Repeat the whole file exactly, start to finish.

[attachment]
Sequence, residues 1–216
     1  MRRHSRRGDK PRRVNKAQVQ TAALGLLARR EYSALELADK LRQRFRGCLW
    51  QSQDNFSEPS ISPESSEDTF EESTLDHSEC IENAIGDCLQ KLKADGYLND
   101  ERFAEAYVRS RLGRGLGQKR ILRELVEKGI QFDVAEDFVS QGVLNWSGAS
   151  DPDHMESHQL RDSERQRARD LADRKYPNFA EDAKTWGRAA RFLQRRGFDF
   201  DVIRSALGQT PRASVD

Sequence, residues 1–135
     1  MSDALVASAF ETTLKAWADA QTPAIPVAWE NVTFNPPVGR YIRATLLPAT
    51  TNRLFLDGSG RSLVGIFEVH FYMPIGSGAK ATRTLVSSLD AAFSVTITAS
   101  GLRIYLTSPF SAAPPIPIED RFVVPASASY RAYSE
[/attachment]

Sequence, residues 1–216
     1  MRRHSRRGDK PRRVNKAQVQ TAALGLLARR EYSALELADK LRQRFRGCLW
    51  QSQDNFSEPS ISPESSEDTF EESTLDHSEC IENAIGDCLQ KLKADGYLND
   101  ERFAEAYVRS RLGRGLGQKR ILRELVEKGI QFDVAEDFVS QGVLNWSGAS
   151  DPDHMESHQL RDSERQRARD LADRKYPNFA EDAKTWGRAA RFLQRRGFDF
   201  DVIRSALGQT PRASVD

Sequence, residues 1–135
     1  MSDALVASAF ETTLKAWADA QTPAIPVAWE NVTFNPPVGR YIRATLLPAT
    51  TNRLFLDGSG RSLVGIFEVH FYMPIGSGAK ATRTLVSSLD AAFSVTITAS
   101  GLRIYLTSPF SAAPPIPIED RFVVPASASY RAYSE